Reply-To munging summary (was: Bug in mailing lists; unfriendly to non-subscribers)

Kwan Lowe kwan at
Fri Jul 9 16:03:18 UTC 2010

On Fri, Jul 9, 2010 at 9:54 AM, Patrick O'Callaghan
<pocallaghan at> wrote:
> I also agree with the rest of your post (and see no reason to quote it
> in its entirety :-), but I wonder if we're all just rearranging the
> deckchairs on the Titanic when it comes to mailing lists. I have the
> impression that the whole ml thing is actually a poor man's Usenet,
> invented because everyone has mail. Years ago I tried to promote a
> (local) News structure in my University as a medium of discussion, and
> there was just no way I could get people to use it. The old saying "to a
> guy with a hammer, every problem is a nail" applies here. Alternative
> mechanisms such as bboards etc. also just didn't cut the mustard because
> people are *very* reluctant to learn a new tool unless the benefit to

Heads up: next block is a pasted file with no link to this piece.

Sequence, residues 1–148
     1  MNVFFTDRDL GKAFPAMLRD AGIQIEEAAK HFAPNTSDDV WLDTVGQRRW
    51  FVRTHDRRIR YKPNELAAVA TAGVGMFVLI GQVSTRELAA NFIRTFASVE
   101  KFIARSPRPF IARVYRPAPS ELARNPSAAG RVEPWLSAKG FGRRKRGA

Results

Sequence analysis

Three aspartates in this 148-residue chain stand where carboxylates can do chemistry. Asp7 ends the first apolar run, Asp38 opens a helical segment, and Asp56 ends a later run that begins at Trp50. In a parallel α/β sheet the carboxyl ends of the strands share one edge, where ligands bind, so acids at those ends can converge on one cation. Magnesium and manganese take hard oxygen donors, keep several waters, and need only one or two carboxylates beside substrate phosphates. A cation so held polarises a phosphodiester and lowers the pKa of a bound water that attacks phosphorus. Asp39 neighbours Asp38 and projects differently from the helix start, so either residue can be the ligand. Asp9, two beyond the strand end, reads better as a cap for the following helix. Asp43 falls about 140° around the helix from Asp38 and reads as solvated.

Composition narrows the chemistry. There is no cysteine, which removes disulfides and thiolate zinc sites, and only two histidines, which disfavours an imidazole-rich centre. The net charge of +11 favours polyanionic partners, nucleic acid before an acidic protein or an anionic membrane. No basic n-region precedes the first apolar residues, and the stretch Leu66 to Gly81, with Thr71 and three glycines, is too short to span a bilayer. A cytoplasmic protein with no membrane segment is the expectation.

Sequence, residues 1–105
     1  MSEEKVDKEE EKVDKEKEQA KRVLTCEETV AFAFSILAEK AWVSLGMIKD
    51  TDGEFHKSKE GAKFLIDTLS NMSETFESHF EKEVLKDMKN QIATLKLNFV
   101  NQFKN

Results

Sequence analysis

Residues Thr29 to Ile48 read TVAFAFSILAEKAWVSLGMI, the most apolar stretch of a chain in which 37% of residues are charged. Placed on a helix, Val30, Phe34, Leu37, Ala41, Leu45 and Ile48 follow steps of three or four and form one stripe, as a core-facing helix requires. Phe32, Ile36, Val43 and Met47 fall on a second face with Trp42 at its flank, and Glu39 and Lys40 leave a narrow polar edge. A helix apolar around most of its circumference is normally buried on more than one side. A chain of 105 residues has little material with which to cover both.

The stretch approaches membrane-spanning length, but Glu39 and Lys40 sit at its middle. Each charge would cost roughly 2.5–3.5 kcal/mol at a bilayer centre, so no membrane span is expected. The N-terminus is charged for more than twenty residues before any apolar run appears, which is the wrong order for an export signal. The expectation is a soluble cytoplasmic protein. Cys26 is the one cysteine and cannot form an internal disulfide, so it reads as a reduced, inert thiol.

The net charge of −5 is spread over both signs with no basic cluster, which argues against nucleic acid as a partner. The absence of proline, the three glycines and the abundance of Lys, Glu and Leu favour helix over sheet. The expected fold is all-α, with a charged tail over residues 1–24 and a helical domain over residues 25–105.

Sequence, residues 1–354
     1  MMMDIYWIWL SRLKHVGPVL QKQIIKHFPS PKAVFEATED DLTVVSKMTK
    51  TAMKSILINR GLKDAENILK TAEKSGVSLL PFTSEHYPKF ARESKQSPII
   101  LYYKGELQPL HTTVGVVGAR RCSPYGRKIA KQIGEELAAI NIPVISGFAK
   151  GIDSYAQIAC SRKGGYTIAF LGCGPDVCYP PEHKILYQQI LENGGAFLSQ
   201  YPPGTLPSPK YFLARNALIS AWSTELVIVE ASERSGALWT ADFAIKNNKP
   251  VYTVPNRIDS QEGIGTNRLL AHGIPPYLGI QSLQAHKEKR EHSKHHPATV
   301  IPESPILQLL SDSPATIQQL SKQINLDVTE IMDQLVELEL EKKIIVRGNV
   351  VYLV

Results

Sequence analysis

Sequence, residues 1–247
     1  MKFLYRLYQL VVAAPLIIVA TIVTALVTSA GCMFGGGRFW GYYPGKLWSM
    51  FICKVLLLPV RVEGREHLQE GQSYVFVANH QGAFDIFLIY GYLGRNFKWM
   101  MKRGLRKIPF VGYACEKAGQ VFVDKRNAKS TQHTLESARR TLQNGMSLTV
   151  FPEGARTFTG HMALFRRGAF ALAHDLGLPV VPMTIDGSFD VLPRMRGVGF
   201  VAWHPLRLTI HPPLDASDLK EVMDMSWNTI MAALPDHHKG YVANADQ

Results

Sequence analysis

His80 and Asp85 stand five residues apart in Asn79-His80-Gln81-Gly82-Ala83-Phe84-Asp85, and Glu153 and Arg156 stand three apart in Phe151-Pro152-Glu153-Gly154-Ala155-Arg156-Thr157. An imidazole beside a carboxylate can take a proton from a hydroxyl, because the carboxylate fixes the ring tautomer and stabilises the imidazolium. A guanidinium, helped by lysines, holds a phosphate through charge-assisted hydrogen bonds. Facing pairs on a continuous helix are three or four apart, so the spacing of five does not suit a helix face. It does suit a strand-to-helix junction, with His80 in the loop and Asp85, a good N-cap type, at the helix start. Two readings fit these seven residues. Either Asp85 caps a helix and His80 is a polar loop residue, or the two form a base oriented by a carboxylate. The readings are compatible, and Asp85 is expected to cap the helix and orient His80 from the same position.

> them (not to the institution) is immediately clear.

I think there are benefits to both,  but I admit that I stopped using
Usenet some years ago. Targeted lists such as this one work for me
because the volume of mail is manageable. At the same time, I do
notice that mailing lists tend to make silos of information. This is a
benefit for certain specific information (e.g., purely CentOS related
discussion) but for more general information there is a lot of

I've always for some method of aggregating multiple mailman lists into
a custom list. Not certain how it would work, but perhaps a keyword
header would do the trick. I use RSS for some sites, but it would not
work for the volume of mail in a typical list.  Right now I am
subscribing to multiple lists and using keywords in the Google mail
client to create topics for my interests (e.g., Xen/KVM, image
editing, etc..).  But that means I need to keep thousands of messages
from the dozen or so lists to which I am subscribed.

> So now we're having to consider Facebook, Twitter, you-name-it. Yech.

More information about the users mailing list